On top of which they can take up to 30% of creators’ royalties.
Facebook is trying to compete with Patreon (which, incidentally, only takes 5% of your royalties) and Patreon do indeed have similar terms to the ones Facebook propose. There are differences, though. Patreon is a dedicated platform for this sort of stuff. Facebook isn’t and it has a poor reputation when it comes to data, content and the treatment of creators, as recent scandals have demonstrated.
Jed Oelbaum at Gizmodo tells the (long) story of Ong’s Hat, which involves physics, mysticism, inter-dimensional travel and government raids. It was only ever a game but the early internet got hold of it and turned it into a conspiracy.
Any article with this sort of stuff in it is going to be fun to read for me:
According to the brochure, which included detailed, technical descriptions of the scientific activities and day-to-day life at the Ashram, “the spiritual rhythms permeating the place proved ideal.” The group thrived, living in “a scattering of weather-gray shacks, Airstream trailers, recycled chicken coops, and mail-order yurts,” as its experiments grew increasingly bizarre and esoteric, in an effort to train the powers of the mind to manipulate the quantum underpinnings of reality itself. Finally, after some years, they produced “the Egg,” a pod that could actually pierce the veil between parallel universes, enabling travel to other dimensions.
It’s complete tosh of course but what’s interesting is the way these things expand and grow, driven mainly by people who just love to believe a conspiracy.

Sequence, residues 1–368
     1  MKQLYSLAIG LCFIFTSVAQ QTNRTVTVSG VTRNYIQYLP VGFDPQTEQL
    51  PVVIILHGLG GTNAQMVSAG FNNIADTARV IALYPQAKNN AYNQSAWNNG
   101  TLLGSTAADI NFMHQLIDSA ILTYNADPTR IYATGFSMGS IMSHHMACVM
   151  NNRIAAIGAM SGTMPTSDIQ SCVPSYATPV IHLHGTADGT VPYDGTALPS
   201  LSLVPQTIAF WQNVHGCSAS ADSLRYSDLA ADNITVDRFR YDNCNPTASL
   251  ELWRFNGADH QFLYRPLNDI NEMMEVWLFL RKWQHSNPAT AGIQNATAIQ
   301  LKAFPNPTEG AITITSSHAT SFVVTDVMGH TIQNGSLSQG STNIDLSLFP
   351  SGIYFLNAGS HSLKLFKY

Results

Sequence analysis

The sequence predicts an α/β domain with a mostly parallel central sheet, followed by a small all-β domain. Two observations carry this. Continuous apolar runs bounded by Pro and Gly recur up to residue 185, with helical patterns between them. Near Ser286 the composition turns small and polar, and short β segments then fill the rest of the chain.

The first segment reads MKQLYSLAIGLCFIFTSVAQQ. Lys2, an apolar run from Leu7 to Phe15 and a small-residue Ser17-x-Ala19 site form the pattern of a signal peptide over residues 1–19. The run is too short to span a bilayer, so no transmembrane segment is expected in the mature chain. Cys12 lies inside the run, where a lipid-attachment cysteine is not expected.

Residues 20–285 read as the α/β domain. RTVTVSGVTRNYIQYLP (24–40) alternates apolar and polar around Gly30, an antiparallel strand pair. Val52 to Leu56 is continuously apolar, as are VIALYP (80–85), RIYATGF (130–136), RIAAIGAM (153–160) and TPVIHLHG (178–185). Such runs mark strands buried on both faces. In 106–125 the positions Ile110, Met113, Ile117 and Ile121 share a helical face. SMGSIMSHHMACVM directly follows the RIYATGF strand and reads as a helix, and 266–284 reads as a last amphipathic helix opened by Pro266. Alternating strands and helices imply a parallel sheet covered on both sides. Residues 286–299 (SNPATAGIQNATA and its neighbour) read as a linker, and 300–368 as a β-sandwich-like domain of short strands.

It’s a subject I keep coming back to. If you write content for the web, keep it all under your control. Text, images, code, domains …. the lot.
Colin Devroe writes about how even big, 100m-user sites can just suddenly disappear because they’re just “not worth the bother” to some big tech companies.
On a related note, companies can just change APIs at will too, screwing up some of the services you use. The Red Sweater blog writes about how MarsEdit can no longer support Blogger because Google is shutting down the Picasa Web Albums API.
I helped a friend of mine set up a Wordpress site a while ago and we were up and running with a blog on his own domain name, on a private server within about an hour. That’s all it takes.
I worry when people effectively journal on places like Facebook. They’re just not in control of their data. It seems incomprehensible that Facebook might one day disappear, but why take the risk? Why leave years of journals in a place where you have no real control? Use your own site and simply point to it via social media if you must.
Keep control of your data and back it up regularly.